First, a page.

US 1868104 A
Description (OCR text may contain errors)
July 19, 1932.
J. A EHOEGGER 11mm DRESSER 2 Sheen-Sheet 1 July 19, 1932- J- A QEGGER 3 WEEK DEESSHER Patented July 19, 1932 UNITED STATES PATENT OFFICE .rosnrn A. noneeanor JERSEY CITY, NEW mass! mason nimssnn Application filed April 8, 1929. Serial No. 353,887.
My invention relates to improvements in mirror dressers and the object of my invention is to produce a particularly handsome and convenient structureof this kind which can be conveniently used either as a dresser or in the nature of a cabinet setting in a recess of a wall. Theinvention is especially intended to produce a structure having a series of mirrors arranged to produce excellent refraction and disposed so as to add a real embellishment to the room in which the article may be.
The invention includes an arrangement of mirrors in which a horizontal base mirror may serve as a dresser top, a main mirror rises behind it, and perpendicular to it, wing mirrors are arranged at the sides of the last mentioned upright mirror and perpendicular to the base mirror, while lights can be dis osed behind the wing mirrors and arranged to throw light upon the person or thing to be reflected by the mirrors as a whole.
The organization and construction of the article as a whole is such that it may stand on legs or be disposed in a wall recess, and in any event it forms a very handsome and convenient article of furniture.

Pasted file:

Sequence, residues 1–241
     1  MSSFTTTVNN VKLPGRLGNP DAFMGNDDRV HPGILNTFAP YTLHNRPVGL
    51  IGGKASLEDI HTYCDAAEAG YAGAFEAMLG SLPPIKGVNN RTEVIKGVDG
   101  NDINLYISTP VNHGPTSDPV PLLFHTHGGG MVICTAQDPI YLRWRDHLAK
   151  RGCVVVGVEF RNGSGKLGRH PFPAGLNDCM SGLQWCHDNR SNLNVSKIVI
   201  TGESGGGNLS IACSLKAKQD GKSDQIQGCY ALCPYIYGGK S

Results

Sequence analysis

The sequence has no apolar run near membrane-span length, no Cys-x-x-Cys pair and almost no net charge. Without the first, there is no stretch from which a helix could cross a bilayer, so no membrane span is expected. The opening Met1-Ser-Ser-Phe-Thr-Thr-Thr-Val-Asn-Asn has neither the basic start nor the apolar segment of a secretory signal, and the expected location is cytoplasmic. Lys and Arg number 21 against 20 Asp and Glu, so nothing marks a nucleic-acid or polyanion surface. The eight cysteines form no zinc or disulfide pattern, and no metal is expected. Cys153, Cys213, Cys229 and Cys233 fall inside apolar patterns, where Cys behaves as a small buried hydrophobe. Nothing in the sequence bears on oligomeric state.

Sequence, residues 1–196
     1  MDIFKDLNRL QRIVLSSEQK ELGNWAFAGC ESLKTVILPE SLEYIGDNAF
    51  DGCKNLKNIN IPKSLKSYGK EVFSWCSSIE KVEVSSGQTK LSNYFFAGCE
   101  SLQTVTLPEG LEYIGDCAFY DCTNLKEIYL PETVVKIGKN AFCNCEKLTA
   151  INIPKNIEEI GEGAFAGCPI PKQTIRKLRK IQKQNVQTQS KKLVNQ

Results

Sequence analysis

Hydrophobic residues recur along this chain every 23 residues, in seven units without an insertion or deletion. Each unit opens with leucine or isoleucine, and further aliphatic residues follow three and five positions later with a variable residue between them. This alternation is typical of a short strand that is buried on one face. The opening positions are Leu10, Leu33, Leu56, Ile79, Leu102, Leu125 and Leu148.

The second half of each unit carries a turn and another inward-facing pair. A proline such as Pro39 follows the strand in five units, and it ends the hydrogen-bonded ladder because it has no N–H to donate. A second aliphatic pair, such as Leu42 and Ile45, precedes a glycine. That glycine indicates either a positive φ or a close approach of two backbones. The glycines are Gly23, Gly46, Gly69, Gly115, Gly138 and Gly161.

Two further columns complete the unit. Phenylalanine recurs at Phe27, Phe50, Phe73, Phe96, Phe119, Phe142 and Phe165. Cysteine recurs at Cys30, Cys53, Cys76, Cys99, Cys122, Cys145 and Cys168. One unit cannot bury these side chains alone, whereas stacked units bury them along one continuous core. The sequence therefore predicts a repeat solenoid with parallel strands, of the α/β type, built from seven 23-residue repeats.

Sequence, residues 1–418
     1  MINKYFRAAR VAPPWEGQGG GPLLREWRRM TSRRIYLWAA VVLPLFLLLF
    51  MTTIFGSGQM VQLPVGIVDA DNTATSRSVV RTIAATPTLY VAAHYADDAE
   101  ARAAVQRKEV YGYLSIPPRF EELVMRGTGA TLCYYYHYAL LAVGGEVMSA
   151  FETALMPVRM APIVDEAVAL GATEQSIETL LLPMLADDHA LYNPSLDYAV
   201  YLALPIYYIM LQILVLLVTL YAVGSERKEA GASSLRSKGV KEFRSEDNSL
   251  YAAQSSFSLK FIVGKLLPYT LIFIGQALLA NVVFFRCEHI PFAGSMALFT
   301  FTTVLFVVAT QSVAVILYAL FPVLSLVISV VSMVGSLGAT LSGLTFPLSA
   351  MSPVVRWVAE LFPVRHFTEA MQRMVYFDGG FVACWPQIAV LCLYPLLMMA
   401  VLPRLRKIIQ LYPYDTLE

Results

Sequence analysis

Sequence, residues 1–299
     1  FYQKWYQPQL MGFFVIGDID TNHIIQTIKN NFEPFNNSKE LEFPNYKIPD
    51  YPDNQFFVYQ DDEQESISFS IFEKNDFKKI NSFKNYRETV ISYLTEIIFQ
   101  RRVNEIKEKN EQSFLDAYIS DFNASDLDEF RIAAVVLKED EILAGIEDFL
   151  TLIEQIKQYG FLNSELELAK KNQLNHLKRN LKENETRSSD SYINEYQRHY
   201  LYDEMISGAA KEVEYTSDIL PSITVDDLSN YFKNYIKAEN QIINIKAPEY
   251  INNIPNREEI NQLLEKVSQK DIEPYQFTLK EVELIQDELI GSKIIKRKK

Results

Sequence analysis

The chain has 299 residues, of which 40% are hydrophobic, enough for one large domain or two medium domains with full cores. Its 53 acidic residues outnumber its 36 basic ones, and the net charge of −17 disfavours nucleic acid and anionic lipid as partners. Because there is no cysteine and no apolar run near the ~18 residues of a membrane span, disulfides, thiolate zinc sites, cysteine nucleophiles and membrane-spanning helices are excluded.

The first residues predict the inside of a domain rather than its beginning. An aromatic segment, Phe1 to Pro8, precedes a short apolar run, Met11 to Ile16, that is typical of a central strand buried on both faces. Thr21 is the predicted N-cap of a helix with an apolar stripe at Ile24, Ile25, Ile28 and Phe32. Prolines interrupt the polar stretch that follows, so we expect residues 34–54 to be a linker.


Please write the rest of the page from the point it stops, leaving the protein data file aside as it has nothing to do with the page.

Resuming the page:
Reference is to be had to the accompanying drawings forming a part of this specification in which similar reference characters indicate corresponding parts in all the views.
Figure 1 is a front elevation of the structure embodying my invention;
Figure 2 is a cross section thereof; and
Figure 3 is a perspective view partly in section showing the adaptation of the structure to a wall.
The invention includes a mirror 10 which serves as a dresser top and also as a base mirror. This can be supported on legs 11 carrying drawers 12 or the like, but the arrangement and construction of the parts beneath the mirror 10 are not important-as these parts may be of any approved design and the structure above the mirror 10 can be used without legs and placed in a wall if desired as presently described- A plate 13 of any suitable material furnishes the back frame work of the construction and against this the mirror 14 lies, this mirror being the main mirror and rising from the back part of the base mirror 10 and being preferably perpendicular to said base mirror.
At the side edges of the main mirror 14 are wing mirrors 15, the arrangement of which, so far as the main mirror is concerned, is not novel, but the arrangement and disposition with respect to the combination of the base and main mirrors, and to the lighting ef fects behind them, is believed to be new.